So if you’ve read or learned something interesting in the last year on MSD, done something about it, and maybe told someone else who you think might benefit from it – kudos. And double points if what you learned was from an organisation competing with your own!

You say it best when you say nothing at all

For Agora, our output on these issues has decreased a bit in recent years. MSD has been practiced for over 20 years now and a lot of bases have been covered. We generally keep our powder dry for when we feel we genuinely have something useful to say that others have not said and which has a chance of being read.

A second batch of kudos is being dispensed here, then, to all the half-started research projects. If you don’t have a graveyard of ideas for all those times that you thought something was interesting, but you then looked into it and found there was already lots of interesting stuff out there and so didn’t pursue it any further, then you’re not trying hard enough. And minus kudos if you’ve decided that you’re going to say something before you knew whether you had something to say.

This is probably a relevant point at which to state that this very piece was very nearly sent to the aforementioned graveyard of ideas. It was an article that started as a conversation, then a rant, and was then put to bed, before a couple thought leaders(!) caused me to wake it up again as they felt it was a valuable point of reflection for many of us in the community.

Putting the (absence of) money where my mouth is

We learn best through example and so here are a few articles, videos, webinars etc we nearly produced and didn’t, together with the reasons why:

  • As one of many development interventions which we get asked about as a normative solution rather than a contextualised, diagnostically-led solution farmers groups have pros and cons as Tim Stewart wrote back in 2014. Farmer Groups: Why We Love Them, Why We Do Them and Why They Fail (

  • We were asked to offer an in-person results measurement course for people using results chains, logframes and the likes. We integrate MRM support into our implementation programmes and we have some specific guidance around different methods but if you want an in-person course on results measurement, Aly Meihlbrant already offers an excellent option. Miehlbradt Consulting Ltd - Training

  • I want to highlight USAID’s Market Systems and Partnerships (MSP) programme for a couple of reasons. Firstly, the MSD tool library was a good example of curation over creation – although it also highlights the issue to some extent with 187 tools currently listed. Secondly, their regular mail out contains a what we’re reading section which goes some way towards ensuring research makes a more genuine contribution.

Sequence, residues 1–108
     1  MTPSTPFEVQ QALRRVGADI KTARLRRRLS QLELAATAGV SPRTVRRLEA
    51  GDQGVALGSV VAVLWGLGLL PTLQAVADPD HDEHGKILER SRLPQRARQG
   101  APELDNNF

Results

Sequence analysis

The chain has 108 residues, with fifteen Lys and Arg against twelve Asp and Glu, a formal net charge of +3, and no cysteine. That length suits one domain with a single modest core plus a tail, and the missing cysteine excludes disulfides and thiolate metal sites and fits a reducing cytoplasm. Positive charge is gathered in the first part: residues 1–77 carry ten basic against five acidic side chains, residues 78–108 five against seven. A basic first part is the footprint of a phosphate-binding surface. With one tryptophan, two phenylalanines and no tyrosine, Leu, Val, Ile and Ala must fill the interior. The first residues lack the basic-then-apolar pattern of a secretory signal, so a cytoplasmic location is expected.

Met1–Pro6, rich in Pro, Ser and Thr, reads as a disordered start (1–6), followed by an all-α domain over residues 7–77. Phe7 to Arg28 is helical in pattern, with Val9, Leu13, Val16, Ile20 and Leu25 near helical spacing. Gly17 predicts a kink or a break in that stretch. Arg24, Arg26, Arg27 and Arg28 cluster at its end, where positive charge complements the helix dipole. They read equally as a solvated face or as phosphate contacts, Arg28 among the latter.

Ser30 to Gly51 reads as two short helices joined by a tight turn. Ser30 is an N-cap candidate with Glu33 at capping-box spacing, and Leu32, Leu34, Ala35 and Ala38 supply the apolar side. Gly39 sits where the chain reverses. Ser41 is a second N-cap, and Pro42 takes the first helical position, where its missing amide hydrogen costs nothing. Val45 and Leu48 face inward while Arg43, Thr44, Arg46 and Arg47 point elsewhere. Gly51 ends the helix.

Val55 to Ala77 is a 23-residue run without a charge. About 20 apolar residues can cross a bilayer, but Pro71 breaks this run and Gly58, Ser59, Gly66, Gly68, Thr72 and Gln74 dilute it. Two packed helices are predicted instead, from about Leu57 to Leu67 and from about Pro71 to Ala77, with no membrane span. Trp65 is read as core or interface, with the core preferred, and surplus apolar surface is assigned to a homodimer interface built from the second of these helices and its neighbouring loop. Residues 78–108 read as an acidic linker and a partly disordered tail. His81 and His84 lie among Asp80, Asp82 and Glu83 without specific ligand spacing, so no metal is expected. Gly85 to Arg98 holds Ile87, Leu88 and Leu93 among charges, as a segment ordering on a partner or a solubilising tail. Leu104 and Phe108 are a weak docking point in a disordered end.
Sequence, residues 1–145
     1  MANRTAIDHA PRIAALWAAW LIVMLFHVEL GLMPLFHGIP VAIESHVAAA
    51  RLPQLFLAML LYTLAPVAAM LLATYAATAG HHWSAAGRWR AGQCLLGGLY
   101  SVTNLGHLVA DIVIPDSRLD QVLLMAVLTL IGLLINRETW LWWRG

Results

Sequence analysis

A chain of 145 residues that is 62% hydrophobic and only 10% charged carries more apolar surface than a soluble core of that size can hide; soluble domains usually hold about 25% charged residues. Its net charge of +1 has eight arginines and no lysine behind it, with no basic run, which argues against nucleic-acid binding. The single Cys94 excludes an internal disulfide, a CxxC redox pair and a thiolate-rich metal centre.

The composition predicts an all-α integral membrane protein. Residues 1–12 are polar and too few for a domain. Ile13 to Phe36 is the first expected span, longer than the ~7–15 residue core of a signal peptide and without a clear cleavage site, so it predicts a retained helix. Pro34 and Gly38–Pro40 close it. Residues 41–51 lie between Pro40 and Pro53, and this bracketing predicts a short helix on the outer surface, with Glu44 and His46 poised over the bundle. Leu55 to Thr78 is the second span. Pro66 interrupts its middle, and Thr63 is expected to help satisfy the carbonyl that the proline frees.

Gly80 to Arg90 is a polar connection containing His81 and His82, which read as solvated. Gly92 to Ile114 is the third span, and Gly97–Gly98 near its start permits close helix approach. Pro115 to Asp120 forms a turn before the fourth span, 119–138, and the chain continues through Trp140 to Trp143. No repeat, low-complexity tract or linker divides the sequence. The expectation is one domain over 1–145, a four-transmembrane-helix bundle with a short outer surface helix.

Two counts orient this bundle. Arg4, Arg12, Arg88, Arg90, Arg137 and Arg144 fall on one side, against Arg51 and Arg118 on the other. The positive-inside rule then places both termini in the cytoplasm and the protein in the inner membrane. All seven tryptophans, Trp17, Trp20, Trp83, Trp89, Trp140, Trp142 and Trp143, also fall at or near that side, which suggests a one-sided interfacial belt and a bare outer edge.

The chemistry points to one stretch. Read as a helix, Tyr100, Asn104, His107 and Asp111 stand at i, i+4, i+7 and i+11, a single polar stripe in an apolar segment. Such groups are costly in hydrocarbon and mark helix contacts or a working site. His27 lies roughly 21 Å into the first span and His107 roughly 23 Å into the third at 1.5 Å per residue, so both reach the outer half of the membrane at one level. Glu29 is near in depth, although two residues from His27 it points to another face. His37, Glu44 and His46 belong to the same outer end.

• We were recently asked to write something on BDS markets for enterprises owned by poor people. There’s definitely a lot that we have, can, and will add in this space, in terms of how conclusions vary according to social networks and cultural contexts and embedding lean services within existing value chains. However, before embarking on this analysis, it would serve anyone well to look at the work of the late, great Alan Gibson and colleagues some 20 years ago Making business service markets work for the rural poor – a review of experience (

Suggestions and conclusions:

  1. Are you a thought follower? My grandparent used to say that you’ve got two ears and one mouth to encourage me to stop talking and start listening. I’d add to that that you’ve got two eyes and only one writing hand (?) so the same logic applies. Listen, read, learn implement. Improved practice is its own reward.

  2. Are you a designated ‘thought leader’? How about a bit of push back. Maybe you should try to be the best at implementing someone else’s approach rather than creating one of your own? Maybe it’s better to generate evidence to support or refute the thinking rather than to ignore and subvert it.

  3. At a really practical level, if you are going to develop something ‘new’ take this as a challenge to explicitly recognise and respond to what’s out there already. State exactly what you are adding and where. Engage in peer review and be willing to promote the work of others.